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Five common misconceptions about today’s students

eSN readers say it’s not just teachers that often get a bad rap

Five common misconceptions about today’s students

“Students are constantly communicating, just not the same way we’re used to,” said one reader.

It seems that every generation has a few gripes about the younger ones. But are there misconceptions specific to today’s students?

In a recent eSchool News “Question of the Week,” we asked our readers what they thought were the “common misconceptions about today’s students,” similar to our “Common misconceptions about teachers” feature. (Read “Ten common myths about teaching.”)

And though many readers agreed that students today are more intuitive when it comes to using technology, readers also noted that using technology more frequently doesn’t always mean you use it well.

Another popular misconception: that students today don’t care about others or about learning.

What do you think of this list? Be sure to add your comments below!

(Responses are edited for brevity.)

1. They’re all tech-savvy.

“Just because they have the technology does not necessarily mean they know how to use it well. Students [think they] can ‘just Google it’ and survive in a rigorous academic setting.” —Peg Becksvoort, library media specialist and National Board Certified Teacher, Falmouth Middle School, Falmouth, Maine

“That they know how to use all technology and are geniuses at working anything electronic. Half of the one-to-one projects that get implemented fail because [school leaders] just plop technology in front of student and teachers and say, ‘Here. Learn.’ Not only do teachers not know how to guide the students, the students might know how to check Gmail but not how to use programs for learning.” –Alex P., Missouri

2. They’re disengaged.

“The primary and most common misconception that should be addressed … is that ‘they don’t care,’ especially at the secondary level. Nearly every child in education, whether in kindergarten or a sophomore in high school, ‘cared’ at least some point in their academic career. They might have had a discerning experience (personally, environmentally, academically) where they lost the faith, but they were committed and did care. I have witnessed the hardness of the high school student who exhibits the ‘I don’t care’ attitude, as well as the desperate attempts of the challenged third grader who is begging for acceptance as his desire to learn slowly dies. It is tragic and must be addressed at all levels before students can truly become successful and embrace learning.” —Jeni Janek, West Texas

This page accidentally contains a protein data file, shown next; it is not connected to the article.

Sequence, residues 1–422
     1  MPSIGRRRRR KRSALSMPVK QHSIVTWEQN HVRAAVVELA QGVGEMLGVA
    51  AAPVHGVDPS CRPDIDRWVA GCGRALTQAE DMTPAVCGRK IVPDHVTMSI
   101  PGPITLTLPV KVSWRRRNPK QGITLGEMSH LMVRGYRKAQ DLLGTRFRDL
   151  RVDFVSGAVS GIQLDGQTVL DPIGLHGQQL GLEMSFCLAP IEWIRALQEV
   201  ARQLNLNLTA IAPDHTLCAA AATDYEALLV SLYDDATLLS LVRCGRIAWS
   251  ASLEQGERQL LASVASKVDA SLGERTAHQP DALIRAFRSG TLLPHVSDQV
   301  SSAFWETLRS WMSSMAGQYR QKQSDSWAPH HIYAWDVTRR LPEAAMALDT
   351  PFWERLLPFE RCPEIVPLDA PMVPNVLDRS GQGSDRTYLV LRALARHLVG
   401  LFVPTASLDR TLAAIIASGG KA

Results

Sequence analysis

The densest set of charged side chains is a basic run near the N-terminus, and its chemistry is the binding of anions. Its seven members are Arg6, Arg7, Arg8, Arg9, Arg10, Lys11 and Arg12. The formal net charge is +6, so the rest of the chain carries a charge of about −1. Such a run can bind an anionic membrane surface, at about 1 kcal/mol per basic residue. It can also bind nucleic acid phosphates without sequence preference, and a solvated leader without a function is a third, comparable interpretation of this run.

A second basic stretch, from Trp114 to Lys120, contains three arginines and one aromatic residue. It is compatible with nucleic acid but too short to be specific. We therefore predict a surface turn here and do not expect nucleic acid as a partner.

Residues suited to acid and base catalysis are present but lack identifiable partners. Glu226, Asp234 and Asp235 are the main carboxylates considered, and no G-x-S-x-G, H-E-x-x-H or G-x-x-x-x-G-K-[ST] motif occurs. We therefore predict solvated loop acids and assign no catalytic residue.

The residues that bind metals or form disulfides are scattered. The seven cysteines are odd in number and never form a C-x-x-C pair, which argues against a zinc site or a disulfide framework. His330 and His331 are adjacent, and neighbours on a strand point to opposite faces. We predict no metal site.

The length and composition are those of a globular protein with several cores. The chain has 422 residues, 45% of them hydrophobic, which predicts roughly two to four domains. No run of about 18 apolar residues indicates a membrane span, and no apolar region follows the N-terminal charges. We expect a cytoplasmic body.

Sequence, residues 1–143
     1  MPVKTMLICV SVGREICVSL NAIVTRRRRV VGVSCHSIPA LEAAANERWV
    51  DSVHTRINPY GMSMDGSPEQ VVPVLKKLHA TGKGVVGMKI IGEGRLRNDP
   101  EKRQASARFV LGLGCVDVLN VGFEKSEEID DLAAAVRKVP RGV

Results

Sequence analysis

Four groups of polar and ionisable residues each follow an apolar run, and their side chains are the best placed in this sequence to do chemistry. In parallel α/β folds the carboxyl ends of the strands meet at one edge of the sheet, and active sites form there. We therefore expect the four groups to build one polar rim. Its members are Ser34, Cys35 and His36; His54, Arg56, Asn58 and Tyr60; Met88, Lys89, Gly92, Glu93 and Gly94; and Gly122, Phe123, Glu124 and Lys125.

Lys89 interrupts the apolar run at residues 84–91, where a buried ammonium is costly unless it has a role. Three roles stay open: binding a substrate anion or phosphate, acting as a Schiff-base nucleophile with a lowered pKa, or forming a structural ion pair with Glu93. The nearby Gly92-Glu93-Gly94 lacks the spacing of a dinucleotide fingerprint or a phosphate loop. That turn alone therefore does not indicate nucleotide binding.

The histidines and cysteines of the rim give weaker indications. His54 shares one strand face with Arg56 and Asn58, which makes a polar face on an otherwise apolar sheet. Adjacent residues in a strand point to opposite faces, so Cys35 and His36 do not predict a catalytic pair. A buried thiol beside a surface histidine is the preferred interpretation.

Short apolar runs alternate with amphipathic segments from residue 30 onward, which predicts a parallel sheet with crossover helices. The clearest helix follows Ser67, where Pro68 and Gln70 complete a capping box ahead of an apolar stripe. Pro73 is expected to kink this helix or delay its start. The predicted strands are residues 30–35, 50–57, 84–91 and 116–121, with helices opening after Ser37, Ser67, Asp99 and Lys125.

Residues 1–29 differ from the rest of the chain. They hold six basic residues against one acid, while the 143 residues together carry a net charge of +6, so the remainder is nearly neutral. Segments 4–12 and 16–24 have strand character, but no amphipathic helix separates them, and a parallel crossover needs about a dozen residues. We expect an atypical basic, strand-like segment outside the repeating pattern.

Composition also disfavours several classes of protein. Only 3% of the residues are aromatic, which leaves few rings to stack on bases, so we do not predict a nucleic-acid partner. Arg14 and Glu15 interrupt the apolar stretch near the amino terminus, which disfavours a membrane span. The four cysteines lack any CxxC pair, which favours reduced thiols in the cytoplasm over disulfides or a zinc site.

“That students don’t know about, or care about, the world around them. Really?! So many times I hear people complain because students don’t read the New York Times or something. All you’d have to do is talk to a student about current events and they’d know more about it than you—simply because they’re connected to the internet in a very social way. They’re the ones tweeting and bringing to light injustices, creating aid organizations, getting funding for groups, spending their spring breaks doing charity work in other countries. They’re one of the most globally-active generations we’ve seen.” –Alice Penson

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Comments:

  1. crissy

    December 12, 2012 at 10:09 pm

    The first misconception is very important to us at Lightspeed Systems–especially when it comes to digital citizenship. A lot comes into play when students use technology in the classroom and digital citizenship should be a critical component when introducing online learning in any way. Here is a good My Big Campus bundle many educators use:
    http://mbcurl.me/V1G

  2. cnealon

    December 18, 2012 at 9:11 pm

    Thanks for debunking these 5 misconceptions succinctly! I agree with crissy, the first misconception has the most important implications for schools. Educators cannot assume that children will fully understand any new technology, and they certainly should not assume that the children will know how it use it correctly. Teachers who basic and progressively complex technologies must be the focus of continued professional development efforts- both on the part of the school and the educational technology supplier. Kids can certainly be assumed to gravitate towards technology (and thus they learn to use it faster), but teachers must hold the reigns and lead the way!

  3. nonigirl2008

    February 20, 2013 at 9:53 pm

    I enjoyed reading about these misconceptions and I agree totally with them. In support of the other comments, I feel that often it’s our teachers who don’t know how to use the technology properly and therefore cannot guide students in its educational use.
    I have worked with teenagers for 40 years as a guidance counsellor & teacher. During all of this time, I have met all kinds of students. One thing I know for sure is that they all “care” about their education and about others but often learn to close down due to non-supportive adults who put them down when they need help rather than just helping them.

    I have always believed and seen in action that anyone can learn if shown how, whether they are rich or poor.

    When I was working in Native communities with Aboriginal student in Northern Canada, I often took my students outdoors and we did some traditional lessons in a non-traditional environment. They loved it.

    So it’s time for educators, ohter adults and parents to accept these facts and just be supportive in an engaging way.